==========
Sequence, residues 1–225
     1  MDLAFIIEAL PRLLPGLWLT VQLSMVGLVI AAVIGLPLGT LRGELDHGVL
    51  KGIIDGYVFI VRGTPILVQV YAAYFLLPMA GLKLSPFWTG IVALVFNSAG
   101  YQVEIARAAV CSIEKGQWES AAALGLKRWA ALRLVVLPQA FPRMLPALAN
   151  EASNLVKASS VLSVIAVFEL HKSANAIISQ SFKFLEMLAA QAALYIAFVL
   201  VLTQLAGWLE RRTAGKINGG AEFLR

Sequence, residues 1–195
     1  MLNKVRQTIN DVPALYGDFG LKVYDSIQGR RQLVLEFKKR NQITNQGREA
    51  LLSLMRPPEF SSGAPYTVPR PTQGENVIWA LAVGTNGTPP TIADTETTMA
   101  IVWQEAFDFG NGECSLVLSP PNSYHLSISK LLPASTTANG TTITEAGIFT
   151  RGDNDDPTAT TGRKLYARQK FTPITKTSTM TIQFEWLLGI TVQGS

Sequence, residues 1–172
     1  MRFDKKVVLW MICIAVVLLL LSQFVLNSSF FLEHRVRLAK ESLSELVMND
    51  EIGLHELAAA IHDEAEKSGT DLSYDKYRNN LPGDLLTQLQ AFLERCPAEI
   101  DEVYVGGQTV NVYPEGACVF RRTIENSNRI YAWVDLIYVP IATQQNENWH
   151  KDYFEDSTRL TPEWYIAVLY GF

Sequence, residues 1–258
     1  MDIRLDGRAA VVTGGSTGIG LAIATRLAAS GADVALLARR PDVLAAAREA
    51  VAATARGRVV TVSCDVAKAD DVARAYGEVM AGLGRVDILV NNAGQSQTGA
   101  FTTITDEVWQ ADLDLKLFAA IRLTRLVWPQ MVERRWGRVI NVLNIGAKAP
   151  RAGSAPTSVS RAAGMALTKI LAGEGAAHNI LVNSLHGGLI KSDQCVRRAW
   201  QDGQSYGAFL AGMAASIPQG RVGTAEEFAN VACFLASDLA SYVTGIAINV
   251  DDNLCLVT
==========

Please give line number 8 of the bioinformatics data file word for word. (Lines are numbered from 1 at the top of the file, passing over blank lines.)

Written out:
     1  MLNKVRQTIN DVPALYGDFG LKVYDSIQGR RQLVLEFKKR NQITNQGREA